|Chadian soldiers drive in the recently retaken town of Damasak, Nigeria|
A mass grave containing at least 70 bodies has been found in the Nigerian town recently retaken from Boko Haram, soldiers from Niger and Chad say.
They say they found it in Damasak, a town in north-eastern Nigeria they entered on Saturday, ending months of control by the militant Islamists.
Earlier, Nigeria's President Goodluck Jonathan predicted Boko Haram would lose all territory within a month.
"They are getting weaker and weaker by the day," he told the BBC on Friday.
President Goodluck Jonathan: "I'm very hopeful that it will not take us more than a month to recover the old territories".
Two things to say here:
1. Why in the world would anybody believe anything that comes out of his mouth. I've been writing about him for a year and I haven't found one truthful statement in that time. If there is any truth in the man's head, it is totally disconnected from his mouth.
2. If he actually means it, it means a massive assault in which the hundreds of Chibok girls and other kidnapped girls would almost certainly suffer some casualties. It appears Jonathon believes enough time has passed that the welfare of the girls is no longer an issue. Not that it ever was an issue for Jonathon.
Damasak is a trading town in Borno state near Niger's border and is about 200km (125 miles) from state's main city of Maiduguri.
It was overrun by the militants, who began their insurgency in 2009 to create an Islamic state, at the end of last year.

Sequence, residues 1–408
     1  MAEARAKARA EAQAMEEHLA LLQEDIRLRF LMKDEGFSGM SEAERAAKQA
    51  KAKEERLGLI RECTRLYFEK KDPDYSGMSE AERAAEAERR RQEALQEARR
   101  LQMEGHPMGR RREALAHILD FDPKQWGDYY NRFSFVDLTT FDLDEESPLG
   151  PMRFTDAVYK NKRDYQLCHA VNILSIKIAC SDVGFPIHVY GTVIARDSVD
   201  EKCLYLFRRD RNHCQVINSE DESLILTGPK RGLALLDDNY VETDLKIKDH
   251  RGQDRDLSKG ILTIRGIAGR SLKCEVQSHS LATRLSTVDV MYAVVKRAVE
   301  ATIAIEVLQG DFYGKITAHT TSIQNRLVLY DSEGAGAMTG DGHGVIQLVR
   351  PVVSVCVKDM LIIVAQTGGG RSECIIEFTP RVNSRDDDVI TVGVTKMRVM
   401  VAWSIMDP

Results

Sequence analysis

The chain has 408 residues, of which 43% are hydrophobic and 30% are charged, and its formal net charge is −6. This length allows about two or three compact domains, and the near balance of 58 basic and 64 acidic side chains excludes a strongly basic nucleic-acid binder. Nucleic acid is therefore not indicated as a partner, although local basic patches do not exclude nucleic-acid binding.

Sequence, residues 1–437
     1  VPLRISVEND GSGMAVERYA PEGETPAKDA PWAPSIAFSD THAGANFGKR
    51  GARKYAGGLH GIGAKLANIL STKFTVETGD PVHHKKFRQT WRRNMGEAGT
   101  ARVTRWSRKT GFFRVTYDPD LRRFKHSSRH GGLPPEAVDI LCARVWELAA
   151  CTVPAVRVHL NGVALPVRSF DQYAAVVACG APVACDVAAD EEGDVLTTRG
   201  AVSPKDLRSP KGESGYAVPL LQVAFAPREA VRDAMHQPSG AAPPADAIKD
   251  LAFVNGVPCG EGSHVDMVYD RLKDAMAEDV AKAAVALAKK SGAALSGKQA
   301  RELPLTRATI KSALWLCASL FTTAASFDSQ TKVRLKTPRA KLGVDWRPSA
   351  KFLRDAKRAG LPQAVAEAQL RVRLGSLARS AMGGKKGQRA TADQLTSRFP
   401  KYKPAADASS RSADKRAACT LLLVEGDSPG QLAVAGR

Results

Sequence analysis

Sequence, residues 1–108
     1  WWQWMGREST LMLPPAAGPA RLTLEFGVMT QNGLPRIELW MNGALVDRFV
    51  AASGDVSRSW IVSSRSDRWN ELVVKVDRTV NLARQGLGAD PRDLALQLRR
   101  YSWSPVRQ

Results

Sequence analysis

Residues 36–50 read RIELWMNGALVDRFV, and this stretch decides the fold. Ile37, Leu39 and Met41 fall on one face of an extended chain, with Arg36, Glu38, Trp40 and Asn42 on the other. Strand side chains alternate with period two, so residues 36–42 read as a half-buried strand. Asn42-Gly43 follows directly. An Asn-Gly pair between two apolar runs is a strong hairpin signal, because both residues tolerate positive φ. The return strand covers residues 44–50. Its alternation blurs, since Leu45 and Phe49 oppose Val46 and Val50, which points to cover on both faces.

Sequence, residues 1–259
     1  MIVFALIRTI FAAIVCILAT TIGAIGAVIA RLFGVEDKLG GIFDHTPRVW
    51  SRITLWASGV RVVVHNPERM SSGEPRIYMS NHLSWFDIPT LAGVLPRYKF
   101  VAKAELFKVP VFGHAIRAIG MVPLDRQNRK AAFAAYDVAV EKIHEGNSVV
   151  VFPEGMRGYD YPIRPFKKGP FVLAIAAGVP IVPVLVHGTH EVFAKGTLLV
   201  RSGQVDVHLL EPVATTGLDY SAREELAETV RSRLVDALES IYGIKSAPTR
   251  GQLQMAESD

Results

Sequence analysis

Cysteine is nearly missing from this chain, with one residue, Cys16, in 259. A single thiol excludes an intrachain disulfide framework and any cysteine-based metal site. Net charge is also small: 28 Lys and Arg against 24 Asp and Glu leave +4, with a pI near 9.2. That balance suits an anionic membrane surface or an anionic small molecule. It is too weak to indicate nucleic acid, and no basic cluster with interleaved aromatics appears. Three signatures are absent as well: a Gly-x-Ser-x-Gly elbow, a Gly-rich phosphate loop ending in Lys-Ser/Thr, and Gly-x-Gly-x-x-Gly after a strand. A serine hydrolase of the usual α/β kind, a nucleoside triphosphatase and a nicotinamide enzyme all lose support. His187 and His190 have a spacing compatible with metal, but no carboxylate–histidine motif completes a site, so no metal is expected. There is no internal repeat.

The victims found in the mass grave in Damasak, many with their throats slit and some decapitated, may have been killed some time ago, reports suggest.
Chadian army Col Azem Bermandoa Agouna told the AFP news agency that he had visited the grave and seen "about 100 bodies spread under a bridge just outside the town".
Together with the Nigerian army, forces from Chad, Niger and Cameroon are involved in an offensive against the Islamist insurgents who began taking over territory about a year ago - after being pushed out of their base in Maiduguri.
Nigeria is preparing to hold presidential elections on 28 March after security concerns led to a postponement of the original date in mid-February.
'Under-rated external influence'
President Jonathan's government has been heavily criticised for its failure to end the six-year insurgency in the north-east.
He admitted that the government has been surprised by the group's progress.
|Wanted poster for Boko Haram leader Abubakar Shekau in Maiduguri, Nigeria|
Founded in 2002, initially focused on opposing Western-style education -
Boko Haram means, "Western education is forbidden" in the Hausa language
Launched military operations in 2009 to create an Islamic state
Thousands killed, mostly in north-eastern Nigeria - has also attacked police and
UN headquarters in capital, Abuja
Abducted hundreds, including at least 200 schoolgirls
Controls several north-eastern towns
Launched attacks on neighbouring states